Viewing a Total Solar Eclipse in Mongolia
Sunday, January 18, 2009
Forty-six hours in airplanes, 39 hours in airports, 16 hours in a turbo van over bone-jarring camel and horse tracks: harrowing.
Two minutes and 4 seconds of Twilight Zone darkness: priceless.
Aug. 1, 2008: At 4 p.m., I drag my canvas chair to the big red rock. We are on a small beach promontory by a pristine sapphire lake, in a place deemed by NASA a prime eclipse location. Across the lake is a ger village of round white felt yurts ("ger" being what Mongolians call those portable tentlike homes); beyond are forest and the five snow-capped peaks of Tavan Bogd Mountain. And across those peaks: China, Russia and Kazakhstan.
The sky has been blue all day; then again, that's why they call Mongolia the "Land of Blue Sky." Clear skies are part of why we've come this far to chase the moon's shadow. We've also come precisely because it is far -- the last bastion of unspoiled wilderness in Central Asia. We are three former college roommates from the 1960s who have seen Nepal, Thailand, Laos, Vietnam, Tibet and Bhutan. Mongolia is the seventh wonder on our bucket list.
Peter is squiring his nephews, Cy and Sam, 18 and 21. They're Vermont boys, and roughing it amid great natural beauty is pretty much everyday for them. They're passing the time till "first contact" tossing a Frisbee. KK is in her tent, searching for her lost contact lens.
Only one person in 1,000 ever experiences a total solar eclipse (when our moon passes in front of the sun). We're dead center of the 147-mile-wide umbra that began at dawn in Canada, traveling east at more than 1,000 mph, and will end in China at sunset over the Great Wall. The sun is 400 times bigger than the moon, but it's also 400 times as far away, so they appear the same size from Earth; when the moon has its dark (new) side to us and the Earth, sun and moon are in perfect alignment, it scribes a narrow line of darkness across our planet.
Peter pulls up a chair when, suddenly, from the north, clouds mushroom. A warm breeze whips whitecaps on the lake. I train my binoculars on the distant gers; people are assembling on the mesa above the beach. They're astronomers and scientists with fancy cameras and T-shirts that list past eclipses as if they were rock concerts. Eclipsoids and umbraphiles, they call themselves. We five sit clutching our cardboard viewers and peeking at the round sun. White clouds fly past, casting cool shadows. KK is looking at her eclipse instructions when she shrieks, "I can read!" It seems a miracle, an eclipse phenomenon; then I deduce the location of her missing contact lens: She has been wearing it all along.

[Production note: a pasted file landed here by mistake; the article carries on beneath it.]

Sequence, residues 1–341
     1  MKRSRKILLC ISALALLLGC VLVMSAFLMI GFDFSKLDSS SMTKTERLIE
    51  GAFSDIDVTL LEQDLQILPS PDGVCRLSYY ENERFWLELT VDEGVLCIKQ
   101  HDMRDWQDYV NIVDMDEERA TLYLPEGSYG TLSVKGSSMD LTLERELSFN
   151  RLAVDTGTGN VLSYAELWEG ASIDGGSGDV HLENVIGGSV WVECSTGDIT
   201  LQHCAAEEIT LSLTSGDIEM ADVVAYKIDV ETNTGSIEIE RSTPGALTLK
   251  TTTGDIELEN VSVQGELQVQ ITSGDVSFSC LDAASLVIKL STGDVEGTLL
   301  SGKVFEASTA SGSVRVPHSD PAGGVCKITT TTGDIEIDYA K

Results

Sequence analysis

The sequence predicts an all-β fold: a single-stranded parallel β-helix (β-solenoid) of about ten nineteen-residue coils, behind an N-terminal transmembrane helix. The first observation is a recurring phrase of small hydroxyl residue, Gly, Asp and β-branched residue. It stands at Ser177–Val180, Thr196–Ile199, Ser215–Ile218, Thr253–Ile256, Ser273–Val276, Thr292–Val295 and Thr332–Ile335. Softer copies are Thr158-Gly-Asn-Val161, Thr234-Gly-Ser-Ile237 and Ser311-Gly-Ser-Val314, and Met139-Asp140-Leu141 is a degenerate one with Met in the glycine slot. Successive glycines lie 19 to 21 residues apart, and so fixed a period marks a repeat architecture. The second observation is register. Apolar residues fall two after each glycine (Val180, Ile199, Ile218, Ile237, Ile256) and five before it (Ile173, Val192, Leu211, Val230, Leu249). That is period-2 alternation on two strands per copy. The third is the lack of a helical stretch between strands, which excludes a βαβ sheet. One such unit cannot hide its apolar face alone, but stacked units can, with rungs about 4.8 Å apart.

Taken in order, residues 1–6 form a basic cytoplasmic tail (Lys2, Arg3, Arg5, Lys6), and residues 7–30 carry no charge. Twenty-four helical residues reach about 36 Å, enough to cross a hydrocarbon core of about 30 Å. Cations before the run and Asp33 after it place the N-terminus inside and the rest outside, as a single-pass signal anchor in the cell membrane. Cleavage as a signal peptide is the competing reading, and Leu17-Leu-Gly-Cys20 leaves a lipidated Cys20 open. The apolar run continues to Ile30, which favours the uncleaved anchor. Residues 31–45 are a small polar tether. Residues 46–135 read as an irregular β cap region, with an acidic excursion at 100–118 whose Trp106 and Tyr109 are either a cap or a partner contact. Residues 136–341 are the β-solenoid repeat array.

A bank of gray clouds spreads overhead. Through our viewers it looks purple. On the opposite shore a tower of sand spirals into the lake, beating up foam. Fifteen minutes to go, and the mercury plummets. Suddenly our whole eclipse is in peril. What if we've come all this way and it's a bust?
Five minutes to Totality. The cloud bank has stalled over the sun. Please, cloud, move. It's our sun, our five o'clock high.
* * *
As we fly into Ulan Bator (or UB, as the locals call the capital), green and purple undulating hills seem to melt around a shiny river. Tracks wind like DNA strands across the steppes. White gumdrops -- the portable gers of nomads -- dot the landscape.
UB is squat and gray: solid Soviet. A bronze Lenin salutes us as we are driven down Peace Avenue. The Ulaanbaatar Hotel claims five stars, and we are not disappointed in our suites overlooking the scorched facade of the former Communist headquarters. It has been less than a month since the most recent state of emergency, but our travel consultant in Sausalito, Calif. (a wizard who pulled rabbits out of hats to make this whirlwind trip happen), said we would be safe.